August 10, 2019
http://www.brokeandbroker.com/4740/Morgan Stanley TRO/
Getting a temporary restraining order ain't all that big a deal. Courts tend to hand them out with regularity. Getting the TRO transformed into a preliminary or permanent injunction, however, is a more arduous undertaking and for good reason. In a recent non-solicitation dispute, Morgan Stanley secured a TRO against former representative David James Sayler; however, when the brokerage firm tried to persuade a federal court to issue a preliminary injunction, the bench was not so disposed. The Court's Opinion is a primer on what may determine whether Wall Street's employer are granted or denied injunctions against their former employees.
FINRA member firm Barclays Capital Inc. ("BCI") offered Matthew Grady a job as an investment representative, and sweetened the deal with a $900,000 employee forgivable loan ("EFL"). The EFL was made by BCI's banking affiliate Barclays Bank PLC. The terms of the loan stated that it was extended by the bank independent of Grady's employment with the brokerage firm. And as if things weren't odd enough, the loan was made subject to the express understanding that any disputes arising out of the loan would not be subject to FINRA arbitration. That being said, when a dispute arose over repayment of a portion of Grady's EFL, BCI filed a FINRA Arbitration Statement of Claim against Grady. How did the lawsuit over the EFL wind up as a FINRA arbitration when the loan terms expressly prohibited such recourse? One answer may be that Grady represented himself. A more likely answer is that FINRA-the-regulator and FINRA-the-arbitration-forum sat on its fat ass on the sidelines. And so it goes. Day after day on Wall Street.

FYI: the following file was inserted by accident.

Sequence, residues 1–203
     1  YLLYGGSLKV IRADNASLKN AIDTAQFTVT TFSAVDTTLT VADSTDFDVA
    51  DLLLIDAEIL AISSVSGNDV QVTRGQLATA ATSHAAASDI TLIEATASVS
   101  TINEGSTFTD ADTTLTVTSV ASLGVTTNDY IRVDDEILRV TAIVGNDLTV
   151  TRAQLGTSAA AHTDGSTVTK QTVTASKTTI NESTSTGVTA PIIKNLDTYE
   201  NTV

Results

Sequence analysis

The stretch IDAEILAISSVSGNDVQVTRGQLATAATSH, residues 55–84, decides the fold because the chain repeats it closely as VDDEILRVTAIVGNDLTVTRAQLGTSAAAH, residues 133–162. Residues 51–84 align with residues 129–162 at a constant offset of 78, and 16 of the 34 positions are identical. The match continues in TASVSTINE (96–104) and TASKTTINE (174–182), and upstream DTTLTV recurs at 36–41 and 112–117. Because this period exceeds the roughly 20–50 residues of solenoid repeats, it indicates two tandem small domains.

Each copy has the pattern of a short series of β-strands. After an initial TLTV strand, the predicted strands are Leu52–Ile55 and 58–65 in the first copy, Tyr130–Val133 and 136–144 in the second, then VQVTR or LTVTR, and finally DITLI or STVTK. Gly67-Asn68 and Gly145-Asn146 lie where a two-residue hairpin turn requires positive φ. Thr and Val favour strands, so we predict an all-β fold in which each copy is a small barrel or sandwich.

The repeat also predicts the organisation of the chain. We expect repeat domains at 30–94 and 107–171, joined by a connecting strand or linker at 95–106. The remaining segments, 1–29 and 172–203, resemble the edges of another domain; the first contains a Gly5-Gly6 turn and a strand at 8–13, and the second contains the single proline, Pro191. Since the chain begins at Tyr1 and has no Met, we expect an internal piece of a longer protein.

Charles Schwab & Co., Inc. apparently employs "Chat Representatives." That's nice. I like to chat. Frankly, most lawyers like me who charge hundreds of dollars an hour love to chat provided we're on the clock. In any event, after some 37 years on Wall Street, I don't actually know what a Chat Representative is or does. I looked up all the official categories of representatives on FINRA's website and, go figure, there's nothing about a Chat Representative and there isn't even an examination that you can take to become one. In any event, apparently a Schwab customer had a not-so-lovely chat with one of the brokerage firm's Chat Representatives because the customer sued claiming that the chatting rep had failed to place a sell order.
Any seasoned litigator will tell you that sometimes a client wins by losing and loses by winning. It's all very nuanced. You can be found guilty but ordered to pay a fraction of what was demanded in the last settlement offer. You can win but the legal fees bankrupt you. When it comes to the walking-wounded emerging from litigation, it's often tough to discern who won and who lost. It seems like everyone is limping. A recent FINRA intra-industry arbitration presents an example of how a party won her claim but still looks banged-up for the effort.